U-turn call on teacher violence

18th February 2005 at 00:00
Peter Peacock is facing growing pressure from his political opponents to do a U-turn on his decision last year to stop publishing national statistics on violence against teachers.

Instead, the Scottish Executive plans to carry out two three-yearly reports. The first will be a survey of teacher and pupil experiences of school behaviour. The second is to be a detailed analysis of discipline issues, which will not include statistics, "to provide a robust picture of behaviour in Scottish schools".

Now that January has passed without the statistics being published, the SNP and Tories are gathering their forces to attack the Executive over what they see as a glaring omission in the battle against indiscipline.

In January last year, the Education Minister questioned the robustness of figures which showed a 27 per cent increase in such incidents, with the Western Isles reporting a rise of 22,900 per cent (the council said most of the increase - up from one incident to 230 - was accounted for by special needs pupils) and Orkney a fall of 83 per cent.

Glasgow, the largest authority with 29 secondary schools, reported 616 incidents compared to Falkirk's 756 (the highest figure).

Mr Peacock reacted to the statistics by commissioning reviews of discipline by Pamela Munn, dean of education at Edinburgh University, and Jim Martin, former general secretary of the Educational Institute of Scotland.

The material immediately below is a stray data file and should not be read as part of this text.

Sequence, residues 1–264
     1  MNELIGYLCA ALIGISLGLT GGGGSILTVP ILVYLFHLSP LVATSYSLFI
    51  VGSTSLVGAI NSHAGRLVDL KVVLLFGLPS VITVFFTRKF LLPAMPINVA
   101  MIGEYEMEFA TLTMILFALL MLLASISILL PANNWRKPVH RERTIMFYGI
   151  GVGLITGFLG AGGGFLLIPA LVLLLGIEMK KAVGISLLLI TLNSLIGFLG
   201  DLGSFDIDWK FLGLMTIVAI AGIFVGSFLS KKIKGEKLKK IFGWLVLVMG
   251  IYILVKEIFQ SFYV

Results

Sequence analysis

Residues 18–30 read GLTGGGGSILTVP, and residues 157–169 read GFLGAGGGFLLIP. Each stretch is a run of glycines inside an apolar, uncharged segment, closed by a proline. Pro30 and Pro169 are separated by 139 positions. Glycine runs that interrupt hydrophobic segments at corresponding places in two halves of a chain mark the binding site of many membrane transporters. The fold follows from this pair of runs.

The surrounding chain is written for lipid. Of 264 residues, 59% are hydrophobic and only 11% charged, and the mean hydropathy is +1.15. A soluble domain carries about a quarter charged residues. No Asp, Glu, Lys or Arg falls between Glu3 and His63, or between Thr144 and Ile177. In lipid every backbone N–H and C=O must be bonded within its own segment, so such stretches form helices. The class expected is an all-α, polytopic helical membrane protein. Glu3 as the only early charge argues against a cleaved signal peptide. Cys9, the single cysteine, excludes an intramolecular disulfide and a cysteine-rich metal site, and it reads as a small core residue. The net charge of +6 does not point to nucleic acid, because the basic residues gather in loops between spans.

When these reviews were published in October, Mr Peacock announced in the foreword to his Better Behaviour in Scottish Schools policy update that the Executive was discontinuing its annual collection of incidents of violence and antisocial behaviour on the grounds that the figures were "insufficiently robust". The announcement went largely unnoticed, however.

Fiona Hyslop, SNP shadow education minister, has been pursuing the First Minister on the issue and plans to table further written parliamentary questions on the matter.

Ms Hyslop said: "From the accountability point of view, surveys on a three-yearly basis are not adequate; from the policy-making point of view of knowing whether initiatives are having an impact, you have to evaluate these trends and you can't do that on a three-yearly basis either."

"The main concern for teachers is that the Executive has used the excuse of variability in data for failing to confront the real issue of indiscipline."

Lord James Douglas-Hamilton, Tory education spokesman, said: "The minister is sticking his head in the sand over this. The statistics have to be published centrally; otherwise you can't keep a grip on the problem."

A spokesman for the Executive said that Mr Peacock had made tackling indiscipline one of his top priorities and just last month had announced an additional pound;35 million for classroom support staff.

Measures that were being introduced to improve on and replace the annual statistics included detailed discipline reports along similar lines to HMI's thematic reports, which are likely to be published in 2007.

A range of programmes was already being used to tackle indiscipline, including restorative practices, staged intervention and the "cool in school" initiative.

David Eaglesham, general secretary of the Scottish Secondary Teachers'

Association, said: "By all means do something different, but the Executive needs to be doing something now - not in three years' time."

Ronnie Smith, general secretary of the Educational Institute of Scotland, said: "We go along with the changed arrangements on the premise that there continues to be a monitoring at local level, and we would expect local authorities to continue to collate these statistics.

"What we think has to be given the highest priority is not the statistics themselves, but tackling the issues that are revealed by the surveys, however frequent they are."

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